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I am reading Davie's book "One parameter Semigroups", on page 16 in the proof that "weak semigroups" are also "strong semigroups" it claims that for a right continuous locally bounded function $g:\mathbb{R}\rightarrow\mathbb{R}$, the integral

$$ \varepsilon^{-1} \int_0^\varepsilon g(t) dt $$ converges.

I am assuming that since it is for $\varepsilon \approx 0$ then the same would be true for a general interval of integration $[a,b]$ if we assume $g$ bounded instead of locally bounded. If it is not, then the main question is why, under the hypotesis in bold text, that integral converges.

I am also assuming it refers to Riemman integrability.

Note: The book works with a specific function but as far as I am concerned the only hypothesis neccesary are those written above. In case the claim is not true, counterexample needed, then I would edit the question to include the particular functions used.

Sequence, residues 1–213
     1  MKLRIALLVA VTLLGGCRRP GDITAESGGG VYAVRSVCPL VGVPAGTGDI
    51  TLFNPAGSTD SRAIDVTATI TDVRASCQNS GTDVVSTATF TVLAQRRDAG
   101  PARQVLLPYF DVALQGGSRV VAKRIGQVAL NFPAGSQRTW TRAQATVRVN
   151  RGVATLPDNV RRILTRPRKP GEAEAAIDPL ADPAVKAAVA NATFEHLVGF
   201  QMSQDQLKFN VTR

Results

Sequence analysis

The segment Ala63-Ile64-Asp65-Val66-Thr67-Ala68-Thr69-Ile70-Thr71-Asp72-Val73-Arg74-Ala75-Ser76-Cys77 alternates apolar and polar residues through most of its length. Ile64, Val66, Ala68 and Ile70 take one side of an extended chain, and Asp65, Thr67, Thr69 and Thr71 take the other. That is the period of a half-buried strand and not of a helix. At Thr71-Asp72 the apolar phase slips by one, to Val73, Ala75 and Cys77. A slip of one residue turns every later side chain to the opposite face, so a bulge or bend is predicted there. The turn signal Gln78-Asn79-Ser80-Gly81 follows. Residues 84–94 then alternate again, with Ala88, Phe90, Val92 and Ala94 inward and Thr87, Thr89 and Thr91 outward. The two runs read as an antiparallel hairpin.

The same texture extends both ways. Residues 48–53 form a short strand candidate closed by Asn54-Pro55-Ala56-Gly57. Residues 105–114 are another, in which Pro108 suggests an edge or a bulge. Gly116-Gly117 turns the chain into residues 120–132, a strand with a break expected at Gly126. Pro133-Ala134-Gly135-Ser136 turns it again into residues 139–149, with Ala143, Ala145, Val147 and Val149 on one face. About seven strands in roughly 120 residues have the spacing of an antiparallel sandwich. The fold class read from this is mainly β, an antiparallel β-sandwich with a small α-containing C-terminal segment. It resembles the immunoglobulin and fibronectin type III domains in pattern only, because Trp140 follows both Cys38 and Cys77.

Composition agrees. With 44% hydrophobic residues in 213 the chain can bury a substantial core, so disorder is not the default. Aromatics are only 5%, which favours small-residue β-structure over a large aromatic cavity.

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Since $g$ is right continuous at $0$, for every $\varepsilon>0$ there exists $\delta>0$ such that $|g(y)-g(0)| \leq \varepsilon$ when $0\leq y\leq \delta$.

Then in particular, for $0\leq h\leq \delta$, the triangle inequality implies $$ \left| h^{-1}\int_0^h (g(t) - g(0))\,dt \right| \leq h^{-1} \int_0^h |g(t)-g(0)|\,dt \leq h^{-1}\int_0^h \varepsilon = \varepsilon. $$

This means that, under these hypotheses, $$ \lim_{h\to 0^+} h^{-1} \int_0^h g(t)\,dt = g(0). $$

Does this answer your question?

EDIT: I think I misunderstood. You want to see that bounded right-continuous functions are Riemann-integrable. I don't know immediately how to prove this.

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  • $\begingroup$ What I was looking for is what you say in your edit. I am not sure if that statement of integrability is true in fact. $\endgroup$ – I.C. Jan 7 at 22:00

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